How To

12 risks and how to prevent them

Remote work is now a standard option for most professionals, but the growing popularity of working from anywhere has led to a corresponding rise in cybersecurity incidents.

Remote work during the COVID-19 pandemic has led to a 238% increase in cyber attacks, according to a March 2022 report by Alliance Virtual Offices, which provides services to the remote workforce. And Gartner’s “Top 7 Cybersecurity Trends for 2022” named the expanding attack surface that has come with remote work and the growing use of public cloud as a major area of ​​concern for cybersecurity. Trends like these have made security improvements for remote workers and risk-based vulnerability management the “most urgent projects” in 2022 for 78% of CISOs surveyed by security software provider Lumu Technologies.

How does remote work affect cybersecurity?

A remote work environment can increase the risk of a data breach or other cyberattack for several reasons, according to multiple security experts. Remote work, especially remote work at scale, greatly increases the potential attack surface that must be protected.

Gartner reported that 60% of knowledge workers are remote and at least 18% will not return to the office. “These changes in the way we operate, along with greater use of the public cloud, highly connected supply chains and the use of cyber-physical systems,” Gartner warned, “have revealed new and challenging attack ‘surfaces’.”

Remote workers sometimes further widen the attack surface – and increase the risk – by introducing unauthorized technology. “There was growth in shadow IT as home workers bought in [technology] that might not be sanctioned by IT, but they had to do their job,” said Sushila Nair, vice president of security services at NTT Data Services and a member of the emerging trends task force at IT management professional association ISACA. And because the technology can go unnoticed by IT, she added, shadow IT often lacks the security and protection checks it needs.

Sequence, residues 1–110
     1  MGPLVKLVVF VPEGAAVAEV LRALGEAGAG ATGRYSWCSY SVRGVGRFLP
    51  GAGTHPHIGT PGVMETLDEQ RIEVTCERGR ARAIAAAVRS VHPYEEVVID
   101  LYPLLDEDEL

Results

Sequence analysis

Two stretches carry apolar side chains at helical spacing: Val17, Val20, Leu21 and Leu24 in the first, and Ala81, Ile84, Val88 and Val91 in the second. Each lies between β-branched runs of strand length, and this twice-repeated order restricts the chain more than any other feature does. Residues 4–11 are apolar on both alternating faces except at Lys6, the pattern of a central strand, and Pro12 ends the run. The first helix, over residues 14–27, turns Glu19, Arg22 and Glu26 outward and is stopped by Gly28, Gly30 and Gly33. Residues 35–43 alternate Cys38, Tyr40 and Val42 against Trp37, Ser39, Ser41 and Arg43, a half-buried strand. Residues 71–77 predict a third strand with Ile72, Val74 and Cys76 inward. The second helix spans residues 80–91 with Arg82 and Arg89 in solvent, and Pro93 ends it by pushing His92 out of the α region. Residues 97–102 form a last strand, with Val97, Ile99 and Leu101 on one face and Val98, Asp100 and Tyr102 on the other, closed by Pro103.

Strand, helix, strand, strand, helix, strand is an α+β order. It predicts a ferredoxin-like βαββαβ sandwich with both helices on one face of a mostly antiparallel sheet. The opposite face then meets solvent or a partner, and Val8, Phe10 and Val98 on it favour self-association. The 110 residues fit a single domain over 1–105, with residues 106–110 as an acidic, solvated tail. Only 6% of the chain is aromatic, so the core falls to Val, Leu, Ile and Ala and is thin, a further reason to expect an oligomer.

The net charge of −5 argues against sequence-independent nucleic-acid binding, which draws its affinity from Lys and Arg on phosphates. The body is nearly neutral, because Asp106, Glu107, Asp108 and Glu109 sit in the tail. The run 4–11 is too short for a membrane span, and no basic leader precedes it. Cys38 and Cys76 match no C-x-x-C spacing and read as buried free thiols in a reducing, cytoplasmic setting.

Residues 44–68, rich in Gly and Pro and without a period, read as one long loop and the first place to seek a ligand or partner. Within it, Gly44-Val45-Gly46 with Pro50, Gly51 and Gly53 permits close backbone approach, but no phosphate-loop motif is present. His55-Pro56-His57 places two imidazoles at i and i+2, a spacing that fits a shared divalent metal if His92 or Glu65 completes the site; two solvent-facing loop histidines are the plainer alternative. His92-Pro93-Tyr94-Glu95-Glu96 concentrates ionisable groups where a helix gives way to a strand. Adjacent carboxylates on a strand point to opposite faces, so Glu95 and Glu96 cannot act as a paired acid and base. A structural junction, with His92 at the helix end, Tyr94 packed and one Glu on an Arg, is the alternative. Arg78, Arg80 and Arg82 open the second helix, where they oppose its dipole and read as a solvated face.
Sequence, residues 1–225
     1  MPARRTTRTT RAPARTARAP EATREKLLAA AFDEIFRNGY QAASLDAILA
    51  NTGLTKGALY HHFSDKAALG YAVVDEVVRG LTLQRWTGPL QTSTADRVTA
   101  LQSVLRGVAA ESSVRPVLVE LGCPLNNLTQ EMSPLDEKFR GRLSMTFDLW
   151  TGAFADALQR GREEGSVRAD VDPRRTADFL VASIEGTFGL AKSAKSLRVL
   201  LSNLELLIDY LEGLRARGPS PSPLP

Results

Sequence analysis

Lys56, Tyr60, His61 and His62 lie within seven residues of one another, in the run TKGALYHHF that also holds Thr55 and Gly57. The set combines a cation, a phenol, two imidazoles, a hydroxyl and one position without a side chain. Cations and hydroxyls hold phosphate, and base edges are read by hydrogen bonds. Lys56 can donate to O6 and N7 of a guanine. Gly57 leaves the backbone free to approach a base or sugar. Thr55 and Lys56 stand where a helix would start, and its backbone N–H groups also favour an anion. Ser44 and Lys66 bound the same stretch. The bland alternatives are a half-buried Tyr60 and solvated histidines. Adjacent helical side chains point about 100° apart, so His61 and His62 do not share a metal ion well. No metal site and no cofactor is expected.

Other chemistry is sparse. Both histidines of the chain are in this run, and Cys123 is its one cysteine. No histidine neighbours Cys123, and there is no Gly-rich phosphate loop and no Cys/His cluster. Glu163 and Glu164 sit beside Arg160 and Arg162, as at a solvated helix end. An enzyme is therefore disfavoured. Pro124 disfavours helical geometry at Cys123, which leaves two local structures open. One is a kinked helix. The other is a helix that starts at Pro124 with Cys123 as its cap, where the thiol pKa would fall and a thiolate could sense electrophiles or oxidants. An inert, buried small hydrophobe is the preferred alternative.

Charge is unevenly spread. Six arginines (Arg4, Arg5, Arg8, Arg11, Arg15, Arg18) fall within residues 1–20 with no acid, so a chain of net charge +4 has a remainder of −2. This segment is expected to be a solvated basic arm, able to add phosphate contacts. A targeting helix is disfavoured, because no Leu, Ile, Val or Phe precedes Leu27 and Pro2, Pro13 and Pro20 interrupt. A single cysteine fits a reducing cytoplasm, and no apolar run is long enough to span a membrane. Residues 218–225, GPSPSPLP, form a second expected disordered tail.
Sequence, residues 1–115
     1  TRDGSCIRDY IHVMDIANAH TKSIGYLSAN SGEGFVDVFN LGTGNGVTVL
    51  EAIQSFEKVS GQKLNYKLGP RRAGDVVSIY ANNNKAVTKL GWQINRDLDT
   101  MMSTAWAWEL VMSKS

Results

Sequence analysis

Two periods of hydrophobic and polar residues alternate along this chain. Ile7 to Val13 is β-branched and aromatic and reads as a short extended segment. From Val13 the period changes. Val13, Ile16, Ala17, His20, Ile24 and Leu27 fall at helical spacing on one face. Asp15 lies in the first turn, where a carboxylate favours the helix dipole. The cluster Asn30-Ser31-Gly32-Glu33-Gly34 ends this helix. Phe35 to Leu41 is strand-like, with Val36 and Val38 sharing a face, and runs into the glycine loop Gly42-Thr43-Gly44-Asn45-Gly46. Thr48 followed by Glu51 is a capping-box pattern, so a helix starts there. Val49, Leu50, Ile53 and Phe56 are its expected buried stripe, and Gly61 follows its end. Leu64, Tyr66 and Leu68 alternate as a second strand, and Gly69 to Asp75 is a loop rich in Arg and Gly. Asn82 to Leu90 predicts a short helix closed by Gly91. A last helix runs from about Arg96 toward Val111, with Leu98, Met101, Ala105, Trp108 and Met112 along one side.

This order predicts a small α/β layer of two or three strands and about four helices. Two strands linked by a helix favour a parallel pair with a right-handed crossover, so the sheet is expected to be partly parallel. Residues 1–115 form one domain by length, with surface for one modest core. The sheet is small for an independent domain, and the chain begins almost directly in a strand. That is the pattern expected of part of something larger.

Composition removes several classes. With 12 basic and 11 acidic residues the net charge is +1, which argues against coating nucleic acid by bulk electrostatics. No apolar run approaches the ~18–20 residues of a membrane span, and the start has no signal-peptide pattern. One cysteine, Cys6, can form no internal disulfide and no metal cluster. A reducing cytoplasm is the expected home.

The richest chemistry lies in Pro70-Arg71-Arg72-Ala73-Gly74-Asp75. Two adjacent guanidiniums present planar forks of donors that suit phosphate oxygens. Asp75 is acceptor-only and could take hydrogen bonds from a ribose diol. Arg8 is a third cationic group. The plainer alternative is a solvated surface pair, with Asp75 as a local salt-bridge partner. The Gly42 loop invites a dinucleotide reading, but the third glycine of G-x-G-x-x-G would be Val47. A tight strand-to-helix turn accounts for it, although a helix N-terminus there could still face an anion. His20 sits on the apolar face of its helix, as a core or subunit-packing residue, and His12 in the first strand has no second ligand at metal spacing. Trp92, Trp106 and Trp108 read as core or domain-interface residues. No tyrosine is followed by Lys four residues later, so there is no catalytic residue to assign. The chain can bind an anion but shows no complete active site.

Remote work has not only expanded the potential attack surface, but also moved it beyond the conventional perimeter defenses, such as firewalls and intrusion detection systems, that organizations have traditionally built to thwart ransomware attacks, data breaches and other types of cybercrime .

“They used to protect the castle, but now people don’t work inside the castle,” said Ed Skudis, president of the SANS Technology Institute. “They’re on the field, so those defenses don’t protect them out there. We’ve been saying for years that the network perimeters we’ve built are breaking down because of things like wireless and cloud, but then COVID came along and blew it all up.”

What’s more, cybercriminals are taking advantage of the shift to remote work environments by exploiting vulnerabilities in the infrastructure that enables remote work and adjusting how they target workers themselves. “The attackers have noticed,” Skudis added. “They’re really focused on attacking domestic workers because they’re no longer protected in these enclaves that organizations have built up over the last 30 years.”

Remote security risk factors
Increased workloads, cloud deployments, talent shortages, overstretched staff, vulnerable networks, access irregularities, sophisticated attackers and worker habits can all contribute to remote security issues.

The most common cybersecurity risks when working remotely

The cybersecurity risks associated with remote work are many and varied, including expanded attack surfaces, security skills shortages, vulnerable networks, cloud infrastructures, and employee work habits.

1. Expanded attack surfaces